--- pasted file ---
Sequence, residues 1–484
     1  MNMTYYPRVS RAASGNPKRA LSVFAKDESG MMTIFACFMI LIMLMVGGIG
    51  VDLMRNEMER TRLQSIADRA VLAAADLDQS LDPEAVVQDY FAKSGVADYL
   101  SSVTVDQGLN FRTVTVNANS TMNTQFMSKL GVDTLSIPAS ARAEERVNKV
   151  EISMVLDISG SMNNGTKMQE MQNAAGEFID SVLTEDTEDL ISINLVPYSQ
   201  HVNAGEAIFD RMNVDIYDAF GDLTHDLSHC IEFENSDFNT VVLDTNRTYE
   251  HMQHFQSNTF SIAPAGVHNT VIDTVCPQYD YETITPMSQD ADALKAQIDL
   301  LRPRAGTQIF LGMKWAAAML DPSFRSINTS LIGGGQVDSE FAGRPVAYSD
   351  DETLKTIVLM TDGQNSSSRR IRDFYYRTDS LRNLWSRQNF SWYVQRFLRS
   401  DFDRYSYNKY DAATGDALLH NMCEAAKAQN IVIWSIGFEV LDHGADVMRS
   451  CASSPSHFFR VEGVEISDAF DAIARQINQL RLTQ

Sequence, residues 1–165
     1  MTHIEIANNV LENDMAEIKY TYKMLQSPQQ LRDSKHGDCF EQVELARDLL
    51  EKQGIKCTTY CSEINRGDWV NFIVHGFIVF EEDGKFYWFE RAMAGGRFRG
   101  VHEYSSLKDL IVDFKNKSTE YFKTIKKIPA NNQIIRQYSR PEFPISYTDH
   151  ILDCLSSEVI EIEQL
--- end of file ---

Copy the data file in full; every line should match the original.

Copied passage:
Sequence, residues 1–484
     1  MNMTYYPRVS RAASGNPKRA LSVFAKDESG MMTIFACFMI LIMLMVGGIG
    51  VDLMRNEMER TRLQSIADRA VLAAADLDQS LDPEAVVQDY FAKSGVADYL
   101  SSVTVDQGLN FRTVTVNANS TMNTQFMSKL GVDTLSIPAS ARAEERVNKV
   151  EISMVLDISG SMNNGTKMQE MQNAAGEFID SVLTEDTEDL ISINLVPYSQ
   201  HVNAGEAIFD RMNVDIYDAF GDLTHDLSHC IEFENSDFNT VVLDTNRTYE
   251  HMQHFQSNTF SIAPAGVHNT VIDTVCPQYD YETITPMSQD ADALKAQIDL
   301  LRPRAGTQIF LGMKWAAAML DPSFRSINTS LIGGGQVDSE FAGRPVAYSD
   351  DETLKTIVLM TDGQNSSSRR IRDFYYRTDS LRNLWSRQNF SWYVQRFLRS
   401  DFDRYSYNKY DAATGDALLH NMCEAAKAQN IVIWSIGFEV LDHGADVMRS
   451  CASSPSHFFR VEGVEISDAF DAIARQINQL RLTQ

Sequence, residues 1–165
     1  MTHIEIANNV LENDMAEIKY TYKMLQSPQQ LRDSKHGDCF EQVELARDLL
    51  EKQGIKCTTY CSEINRGDWV NFIVHGFIVF EEDGKFYWFE RAMAGGRFRG
   101  VHEYSSLKDL IVDFKNKSTE YFKTIKKIPA NNQIIRQYSR PEFPISYTDH
   151  ILDCLSSEVI EIEQL